Earlier today, we took a look at the players who were leading the league in WAR to begin the month of July. If we are anything here at The Outside Corner, it is fair and balanced. As such, in the interest of equal time, let’s take a look at the other end of the leaderboard to see who is “winning” the race to have the worst WAR in all of baseball this year.
Michael Choice (-1.6 WAR)
The rash of injuries the Rangers have suffered has forced them to turn to Choice on a nearly everyday basis the last few weeks and it isn’t going well. They could literally have their, wait for it… choice (nailed it) of any other player in the Majors and they would be better off. The scary part is that Texas doesn’t seem inclined to bench Choice anytime soon. He’s going to be hard to beat.
Torii Hunter (-1.3 WAR)
After years of thriving on the back of an absurdly high BABIP, Torii Hunter has come crashing back down to earth along with his BABIP, which now sits at a below average .263. Injury has played a factor as has a particularly brutal rating on defense so far this year, but let’s just focus on the BABIP so everyone that spent two years calling his BABIP unsustainable can have their little moral victory.
Cody Ross (-1.2 WAR)
Arizona finally seems to have realized that Ross is just terrible. His playing time was finally reduced in the last month, which appears to have helped him step up his performance. Now he is getting more rest for his wonky hip and getting exposed against right-handed pitching less frequently, which is really disappointing because he seemed like he could’ve made a real run unseating Michael Choice.
Justin Maxwell (-1.1 WAR)
Now this is special, Maxwell has compiled his -1.1 fWAR mark in a scant 20 games and 45 plate appearances. Eat your heart out, Freddy Galvis. Maxwell hasn’t been as bad as Galvis on offense, though his .190 wOBA is hardly worth bragging about, but he has managed to be quite awful in the field despite his limited work. Alas, Maxwell was designated for assignment earlier in the week to make room on the roster for Raul Ibanez, which probably should earn him bonus negative WAR.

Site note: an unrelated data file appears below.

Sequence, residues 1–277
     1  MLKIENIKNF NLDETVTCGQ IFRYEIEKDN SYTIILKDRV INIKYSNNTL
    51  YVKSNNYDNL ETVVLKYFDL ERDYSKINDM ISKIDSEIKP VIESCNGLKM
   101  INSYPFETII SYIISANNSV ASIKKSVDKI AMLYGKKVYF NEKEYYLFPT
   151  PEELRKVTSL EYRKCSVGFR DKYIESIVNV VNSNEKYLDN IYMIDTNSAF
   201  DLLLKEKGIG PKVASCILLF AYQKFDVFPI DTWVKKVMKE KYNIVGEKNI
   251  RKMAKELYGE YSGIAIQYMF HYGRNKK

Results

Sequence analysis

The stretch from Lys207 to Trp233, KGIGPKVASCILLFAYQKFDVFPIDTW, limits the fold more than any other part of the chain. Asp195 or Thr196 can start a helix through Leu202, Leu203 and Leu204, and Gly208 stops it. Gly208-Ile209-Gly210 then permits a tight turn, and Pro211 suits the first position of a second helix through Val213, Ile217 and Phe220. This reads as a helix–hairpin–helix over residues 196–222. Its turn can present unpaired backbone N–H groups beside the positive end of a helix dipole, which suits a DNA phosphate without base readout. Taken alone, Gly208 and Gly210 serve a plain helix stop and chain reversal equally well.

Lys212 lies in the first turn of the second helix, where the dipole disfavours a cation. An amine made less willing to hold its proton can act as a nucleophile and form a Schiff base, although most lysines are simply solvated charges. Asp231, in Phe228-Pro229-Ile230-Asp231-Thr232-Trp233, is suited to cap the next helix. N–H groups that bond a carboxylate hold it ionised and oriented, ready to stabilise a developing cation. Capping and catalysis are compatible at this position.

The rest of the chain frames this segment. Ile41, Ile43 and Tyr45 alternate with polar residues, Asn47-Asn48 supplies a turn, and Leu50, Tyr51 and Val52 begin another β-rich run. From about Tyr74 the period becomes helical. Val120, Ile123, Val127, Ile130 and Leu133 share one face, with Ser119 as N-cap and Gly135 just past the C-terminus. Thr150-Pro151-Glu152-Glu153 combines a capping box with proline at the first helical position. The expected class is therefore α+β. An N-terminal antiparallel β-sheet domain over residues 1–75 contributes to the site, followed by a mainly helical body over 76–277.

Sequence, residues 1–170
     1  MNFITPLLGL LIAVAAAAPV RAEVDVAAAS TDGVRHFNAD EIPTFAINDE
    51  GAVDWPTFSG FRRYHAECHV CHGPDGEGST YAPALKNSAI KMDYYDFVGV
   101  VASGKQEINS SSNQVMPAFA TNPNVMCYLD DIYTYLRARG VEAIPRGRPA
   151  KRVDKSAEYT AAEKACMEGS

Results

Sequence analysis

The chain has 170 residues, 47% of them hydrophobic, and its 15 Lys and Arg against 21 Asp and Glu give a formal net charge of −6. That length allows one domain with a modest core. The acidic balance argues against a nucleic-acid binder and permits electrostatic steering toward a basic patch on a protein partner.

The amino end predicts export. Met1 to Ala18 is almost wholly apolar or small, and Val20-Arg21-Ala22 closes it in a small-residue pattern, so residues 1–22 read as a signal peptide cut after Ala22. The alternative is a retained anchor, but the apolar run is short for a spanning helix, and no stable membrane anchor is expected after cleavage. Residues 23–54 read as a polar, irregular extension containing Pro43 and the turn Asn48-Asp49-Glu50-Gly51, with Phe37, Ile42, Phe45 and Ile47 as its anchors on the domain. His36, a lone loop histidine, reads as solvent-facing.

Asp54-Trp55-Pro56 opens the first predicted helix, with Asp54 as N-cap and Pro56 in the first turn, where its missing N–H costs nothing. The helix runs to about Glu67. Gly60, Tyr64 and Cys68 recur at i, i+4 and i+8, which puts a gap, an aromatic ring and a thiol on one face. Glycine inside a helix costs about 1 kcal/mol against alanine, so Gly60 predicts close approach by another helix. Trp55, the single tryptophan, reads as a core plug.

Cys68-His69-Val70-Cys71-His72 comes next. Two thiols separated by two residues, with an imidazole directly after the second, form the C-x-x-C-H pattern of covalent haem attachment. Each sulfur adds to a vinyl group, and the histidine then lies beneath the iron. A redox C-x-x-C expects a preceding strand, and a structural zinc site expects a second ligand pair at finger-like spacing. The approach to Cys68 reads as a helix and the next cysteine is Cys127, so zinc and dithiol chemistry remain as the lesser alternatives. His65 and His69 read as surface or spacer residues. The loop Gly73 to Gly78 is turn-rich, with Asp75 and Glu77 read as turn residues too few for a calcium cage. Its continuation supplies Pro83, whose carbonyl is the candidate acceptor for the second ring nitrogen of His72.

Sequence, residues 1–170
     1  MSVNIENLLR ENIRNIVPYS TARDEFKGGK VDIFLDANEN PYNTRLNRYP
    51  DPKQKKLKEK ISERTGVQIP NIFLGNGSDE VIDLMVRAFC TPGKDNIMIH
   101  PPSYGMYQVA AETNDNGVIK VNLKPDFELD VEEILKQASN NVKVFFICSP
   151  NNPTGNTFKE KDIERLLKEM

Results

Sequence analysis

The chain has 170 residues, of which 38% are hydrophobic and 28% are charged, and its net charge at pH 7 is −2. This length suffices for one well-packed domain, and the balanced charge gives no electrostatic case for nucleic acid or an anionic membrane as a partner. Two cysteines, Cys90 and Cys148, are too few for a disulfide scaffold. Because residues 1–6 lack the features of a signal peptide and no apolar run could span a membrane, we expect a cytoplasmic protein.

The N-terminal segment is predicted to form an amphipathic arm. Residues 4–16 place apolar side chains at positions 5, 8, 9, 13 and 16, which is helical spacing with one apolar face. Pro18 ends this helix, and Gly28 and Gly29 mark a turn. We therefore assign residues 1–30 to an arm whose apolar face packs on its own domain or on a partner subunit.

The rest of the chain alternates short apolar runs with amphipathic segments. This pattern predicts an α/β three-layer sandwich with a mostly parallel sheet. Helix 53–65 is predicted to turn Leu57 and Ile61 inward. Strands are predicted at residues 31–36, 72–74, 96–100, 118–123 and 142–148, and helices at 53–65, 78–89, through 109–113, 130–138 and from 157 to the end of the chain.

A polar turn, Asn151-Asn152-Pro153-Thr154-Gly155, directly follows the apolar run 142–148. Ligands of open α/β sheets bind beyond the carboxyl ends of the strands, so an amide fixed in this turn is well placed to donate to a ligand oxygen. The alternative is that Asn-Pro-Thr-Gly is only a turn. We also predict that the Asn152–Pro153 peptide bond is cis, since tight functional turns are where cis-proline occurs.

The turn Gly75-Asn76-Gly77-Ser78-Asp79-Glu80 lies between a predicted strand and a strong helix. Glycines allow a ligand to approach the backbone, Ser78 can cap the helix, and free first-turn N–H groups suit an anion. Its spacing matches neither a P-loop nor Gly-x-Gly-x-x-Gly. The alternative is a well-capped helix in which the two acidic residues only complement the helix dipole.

Jedd Gyorko (-1.1 WAR)
Way to go, Jedd. You’ve been so bad that you got GM Josh Byrnes fired. Probably. OK, that might be an overstatement, but the horrific failure of Gyorko this year probably didn’t do the now unemployed Byrnes any favors. Gyorko was battling injury earlier in the year but should be healthy now and it hasn’t helped much at all. The good news is that with a fire sale looming in San Diego, there is a strong chance that Gyorko will continue to play everyday so that he can continue to compile negative value.
Paul Maholm (-0.9 WAR)
Maholm has been banished to the bullpen since our last update, but he has also managed to finally have more strikeouts than walks. That hasn’t helped him very much though. He shaved 0.1 off his WAR total, but he is still our “leader.” He’s being used primarily in mop-up work now, so his opportunities to drastically alter his WAR will be limited going forward.
Eric Stults (-0.8 WAR)
Oh, look, another Padre. There seems to be a trend here. Stults has been terrible since Opening Day, but his rotation spot doesn’t seem to be in danger. Much like Gyorko, that potential Padres fire sale is really going to work in his favor. One would think that San Diego might just wise up and cut loose a 34-year old pitcher that, well, can’t pitch, but it looks like they just need the warm body to eat innings.
Wandy Rodriguez (-0.8 WAR)
Wandy is official done for the season, so he is going to need the rest of the field to come back to him if he is going claim the title. We’re all pulling for you, Wandy.
Marco Estrada (-0.8 WAR)
With perfectly normal strikeout and walk rates, Estrada seems like he should be a decent player. He’s even benefiting from a low BABIP. The problem is he’s given up all the homers, every single one of them. He has surrendered 26 dingers already this year. That is more than a lot of starters will allow in a full season. In fact, Estrada allowed just 19 last year in 128 innings (he’s at 102 innings so far this year). The Brewers, despite being real contenders, see fit to let him work out his issues though. That’s probably best because it is nearly impossible to continue allowing homers at his current 2.25 HR/9 rate.
Sergio Romo (-0.7 WAR)
And now it suddenly makes sense why the Giants removed Romo from the closer role despite his 22 saves on the season and why saves are considered such an overrated statistic. Romo has been giving up homers at an alarming rate and will now probably go a long while before he sniffs another high leverage situation, which might actually help him avoid remaining in the bottom of the WAR rankings.